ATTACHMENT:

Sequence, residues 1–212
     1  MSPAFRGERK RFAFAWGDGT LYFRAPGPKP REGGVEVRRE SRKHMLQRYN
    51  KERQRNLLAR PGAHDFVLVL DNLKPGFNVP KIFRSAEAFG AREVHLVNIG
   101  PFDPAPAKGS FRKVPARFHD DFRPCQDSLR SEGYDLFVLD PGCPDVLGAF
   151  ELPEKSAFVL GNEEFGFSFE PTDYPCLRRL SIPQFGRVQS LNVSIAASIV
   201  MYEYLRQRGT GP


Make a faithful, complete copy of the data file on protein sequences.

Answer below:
Sequence, residues 1–212
     1  MSPAFRGERK RFAFAWGDGT LYFRAPGPKP REGGVEVRRE SRKHMLQRYN
    51  KERQRNLLAR PGAHDFVLVL DNLKPGFNVP KIFRSAEAFG AREVHLVNIG
   101  PFDPAPAKGS FRKVPARFHD DFRPCQDSLR SEGYDLFVLD PGCPDVLGAF
   151  ELPEKSAFVL GNEEFGFSFE PTDYPCLRRL SIPQFGRVQS LNVSIAASIV
   201  MYEYLRQRGT GP